I've been programming in Python since late 1995, and so far haven't found a more beautiful language to draw me away from it. I've been an Open Source developer since 1996, and spent 2 years from 2001 through 2003 focusing on various Open Source projects. I am a member of the Python Software Foundation. I was a partner in VexTech Corporation for three years where I did closed-source development based on Open Source packages. I started programming as a hobby in 1981 when my father bought an Apple II plus.
I've run my own small consultancy in Toronto, VRPlumber Consulting Inc. since 2006. I do mostly high-level system architecture work, some early-stage business/feasibility consulting, a stint as developer relations contact (for the OLPC) and I occasionally do pinch-hitting "save-the-project" type programming contracts. I've had a few other people on the payroll over the years, but not recently.
I love public speaking and commonly speak at PyCon. I also have presented the OLPC project to quite a few groups as part of my work for that organization. I often wound up presenting at PyGTA when I organized that group.
(mostly BSD-style Licenses)
There are various modules I've created floating around the web that I haven't bothered to link here, I've contributed to a number of projects including wxPython, win32all and Stackless Python, and generally de-list a module when I no longer see the need to be a distribution point for it (such as when it is incorporated into another project).
I develop the Digistream, and IP2QAM devices in the Digital Video product portfolio, as well as web services that support the Digistream, IP2A, and Ucrypt devices.
I worked for a year on the initial "zinger" product. I was one of the architects of their new "Jazinga Cloud" product. This is a small-office phone system that can be "embedded" on other hardware platforms (N.A.S. Devices, Routers, Plug Computers, Multimedia devices, etceteras) and is driven by a "Cloud" configuration and update service, but does not depend on the Cloud for day-to-day operation.
I wrote the back-end for the Sweet Caesar mobile application system. This is, in essence, a content management system written on top of TurboGears and SQLAlchemy which feeds data to the mobile applications in both custom and standard formats.
I provided "heavy lifting" in order to get a rewrite of the company's core product finished. This was a very large system written in C++ over more than 10 years that was being rewritten to have all of the modern web-service features customers expect. Most of my work was around eliminating memory leaks, correcting and/or modernizing C++ usage and helping integrate the older code-base with the new TurboGears + Dojo front-end.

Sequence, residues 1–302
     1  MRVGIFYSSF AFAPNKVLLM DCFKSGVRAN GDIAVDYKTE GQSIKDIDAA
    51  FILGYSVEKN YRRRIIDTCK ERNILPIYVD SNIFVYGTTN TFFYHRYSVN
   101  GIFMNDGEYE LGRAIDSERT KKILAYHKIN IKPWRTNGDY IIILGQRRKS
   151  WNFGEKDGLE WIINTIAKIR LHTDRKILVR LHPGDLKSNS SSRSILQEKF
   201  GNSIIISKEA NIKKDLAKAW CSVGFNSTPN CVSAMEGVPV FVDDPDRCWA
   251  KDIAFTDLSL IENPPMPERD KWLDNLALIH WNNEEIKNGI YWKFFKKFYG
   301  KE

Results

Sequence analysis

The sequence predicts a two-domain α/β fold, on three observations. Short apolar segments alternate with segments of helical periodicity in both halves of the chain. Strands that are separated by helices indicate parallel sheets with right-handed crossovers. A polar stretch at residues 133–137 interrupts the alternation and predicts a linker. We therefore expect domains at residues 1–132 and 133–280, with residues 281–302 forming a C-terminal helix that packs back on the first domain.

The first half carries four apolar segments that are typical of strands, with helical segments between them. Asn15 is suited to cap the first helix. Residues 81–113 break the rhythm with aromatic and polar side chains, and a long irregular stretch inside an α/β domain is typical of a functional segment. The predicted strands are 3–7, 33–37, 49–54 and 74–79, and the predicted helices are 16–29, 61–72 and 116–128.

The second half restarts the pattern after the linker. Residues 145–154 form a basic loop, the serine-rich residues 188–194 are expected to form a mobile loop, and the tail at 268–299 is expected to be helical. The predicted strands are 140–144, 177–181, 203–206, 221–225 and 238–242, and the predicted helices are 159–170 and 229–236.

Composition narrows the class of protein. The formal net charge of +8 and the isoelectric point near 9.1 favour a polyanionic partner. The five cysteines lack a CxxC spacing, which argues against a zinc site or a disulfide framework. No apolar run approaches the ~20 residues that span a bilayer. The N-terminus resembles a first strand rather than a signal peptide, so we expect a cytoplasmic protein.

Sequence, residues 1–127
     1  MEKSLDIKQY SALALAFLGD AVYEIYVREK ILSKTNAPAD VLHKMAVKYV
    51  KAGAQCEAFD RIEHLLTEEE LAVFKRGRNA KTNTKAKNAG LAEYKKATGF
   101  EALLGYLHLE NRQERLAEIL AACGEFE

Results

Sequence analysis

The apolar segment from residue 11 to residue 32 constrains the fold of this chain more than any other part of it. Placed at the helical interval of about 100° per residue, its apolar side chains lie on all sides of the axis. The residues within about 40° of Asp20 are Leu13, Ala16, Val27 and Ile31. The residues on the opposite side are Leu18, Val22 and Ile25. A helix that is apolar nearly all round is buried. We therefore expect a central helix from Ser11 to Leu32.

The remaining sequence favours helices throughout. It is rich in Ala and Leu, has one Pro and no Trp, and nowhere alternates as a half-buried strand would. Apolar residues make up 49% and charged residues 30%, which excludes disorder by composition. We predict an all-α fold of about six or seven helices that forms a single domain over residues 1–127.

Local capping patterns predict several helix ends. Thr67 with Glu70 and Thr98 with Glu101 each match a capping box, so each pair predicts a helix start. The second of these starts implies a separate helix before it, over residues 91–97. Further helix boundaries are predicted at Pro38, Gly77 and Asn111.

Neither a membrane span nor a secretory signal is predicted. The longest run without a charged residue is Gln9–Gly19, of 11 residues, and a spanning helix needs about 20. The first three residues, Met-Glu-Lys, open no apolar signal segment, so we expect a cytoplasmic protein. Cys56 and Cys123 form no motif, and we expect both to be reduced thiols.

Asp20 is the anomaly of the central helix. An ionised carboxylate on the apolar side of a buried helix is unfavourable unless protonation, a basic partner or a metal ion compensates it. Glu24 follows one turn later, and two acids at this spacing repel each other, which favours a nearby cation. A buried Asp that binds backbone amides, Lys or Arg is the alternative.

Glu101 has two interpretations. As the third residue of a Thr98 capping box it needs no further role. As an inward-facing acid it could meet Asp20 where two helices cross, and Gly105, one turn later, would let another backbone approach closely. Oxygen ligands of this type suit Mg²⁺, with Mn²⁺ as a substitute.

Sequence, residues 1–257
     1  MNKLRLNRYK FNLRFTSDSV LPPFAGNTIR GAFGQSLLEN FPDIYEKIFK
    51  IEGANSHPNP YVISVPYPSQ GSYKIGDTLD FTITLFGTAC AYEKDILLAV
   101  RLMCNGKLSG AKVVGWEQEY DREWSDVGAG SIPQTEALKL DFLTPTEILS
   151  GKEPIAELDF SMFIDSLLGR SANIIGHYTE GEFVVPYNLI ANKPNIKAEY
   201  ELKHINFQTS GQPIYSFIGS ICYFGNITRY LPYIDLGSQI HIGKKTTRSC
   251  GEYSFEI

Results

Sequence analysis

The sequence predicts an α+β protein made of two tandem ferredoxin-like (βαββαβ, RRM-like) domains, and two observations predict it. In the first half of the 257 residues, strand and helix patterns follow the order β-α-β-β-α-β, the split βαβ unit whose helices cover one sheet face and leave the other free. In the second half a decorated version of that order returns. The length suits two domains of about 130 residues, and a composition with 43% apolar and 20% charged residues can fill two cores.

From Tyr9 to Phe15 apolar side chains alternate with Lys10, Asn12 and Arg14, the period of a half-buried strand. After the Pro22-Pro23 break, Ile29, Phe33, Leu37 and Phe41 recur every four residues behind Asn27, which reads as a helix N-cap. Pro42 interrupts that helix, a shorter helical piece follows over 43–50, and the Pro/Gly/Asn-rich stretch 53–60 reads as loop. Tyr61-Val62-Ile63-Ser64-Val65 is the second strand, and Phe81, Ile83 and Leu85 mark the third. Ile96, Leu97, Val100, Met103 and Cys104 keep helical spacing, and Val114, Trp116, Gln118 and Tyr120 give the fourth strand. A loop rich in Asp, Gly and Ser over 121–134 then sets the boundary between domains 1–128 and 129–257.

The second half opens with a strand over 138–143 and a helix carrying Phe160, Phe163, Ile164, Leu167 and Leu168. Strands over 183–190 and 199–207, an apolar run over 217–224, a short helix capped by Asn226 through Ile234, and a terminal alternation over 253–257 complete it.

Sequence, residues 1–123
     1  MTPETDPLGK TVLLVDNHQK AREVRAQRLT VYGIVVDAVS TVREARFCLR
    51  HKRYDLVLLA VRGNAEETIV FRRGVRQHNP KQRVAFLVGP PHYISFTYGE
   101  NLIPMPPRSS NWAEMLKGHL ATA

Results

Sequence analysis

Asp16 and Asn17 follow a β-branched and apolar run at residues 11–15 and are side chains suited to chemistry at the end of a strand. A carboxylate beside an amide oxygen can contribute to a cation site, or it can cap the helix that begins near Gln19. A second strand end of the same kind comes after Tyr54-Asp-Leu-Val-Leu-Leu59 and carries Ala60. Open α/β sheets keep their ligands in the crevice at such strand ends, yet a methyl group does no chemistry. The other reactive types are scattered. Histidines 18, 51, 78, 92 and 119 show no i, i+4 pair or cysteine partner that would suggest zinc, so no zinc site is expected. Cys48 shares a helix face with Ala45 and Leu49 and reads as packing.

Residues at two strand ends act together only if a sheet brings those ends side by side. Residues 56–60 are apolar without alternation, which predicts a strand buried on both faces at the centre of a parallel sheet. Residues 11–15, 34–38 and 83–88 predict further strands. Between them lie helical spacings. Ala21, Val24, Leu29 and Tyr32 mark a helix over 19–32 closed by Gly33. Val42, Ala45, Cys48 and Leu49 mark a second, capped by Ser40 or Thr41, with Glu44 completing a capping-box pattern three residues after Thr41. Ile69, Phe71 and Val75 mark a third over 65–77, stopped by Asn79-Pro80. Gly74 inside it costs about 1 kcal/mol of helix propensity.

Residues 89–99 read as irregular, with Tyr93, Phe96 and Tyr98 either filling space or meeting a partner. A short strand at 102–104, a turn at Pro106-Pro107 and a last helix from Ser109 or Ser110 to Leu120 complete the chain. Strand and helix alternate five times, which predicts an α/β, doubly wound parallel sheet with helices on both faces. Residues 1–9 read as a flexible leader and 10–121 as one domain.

I was the CTO of Cinemon Inc. Our product, Cinemon was a Cable System Monitor, that is, a server which sits in a Cable ISP/Cable Television operator's head-end and monitors the health of the equipment both in the head-end and out in the field. The system used TwistedSNMP, PySNMP, PyTable, PostgreSQL and a few other tools to monitor networks of a few thousand or tens of thousands of cable modems to provide early-warning notification of network failures and/or degradation. The product was effective and useful, and had been packaged ready for sale, but the company was never able to officially form due to legal/financial issues. The result was a still-born product.
I wrote the VIBES VoIP billing/provisioning module while working at VexTech. I largely took over maintenance and decommissioning of the Aurora Cable VIBES installation after I formed VRPlumber Consulting. The VIBES installation, including the VoIP module, was decommissioned when Aurora Cable was purchased by Rogers Cable.
I worked for Tpresence Inc. (a.k.a. VRTelecom) for three years under contract as a designer (one year) and a researcher (two years). The company created a Virtual Reality system for use on Windows desktops using standard hardware. The primary product, Holodesk Communicator, was released in 1999, and included person-to-person voice chat, three different avatar formats, approximately six background environments, with the ability to use any standard VRML 97 world as a background, and a set of collaborative mechanisms including a shared in-world whiteboard, slide show, file sharing, and avatar-based gesturing (all produced by "in-game" scripting of core functionality provided by the underlying system). I wrote most of the in-world objects, helped architect the system, developed a replacement MuTech, and wrote the content-conversion tools for the system.
Over the years a lot of my packages have become (largely) obsolete. Although a few projects may still use these, they are not particularly software you should start using today.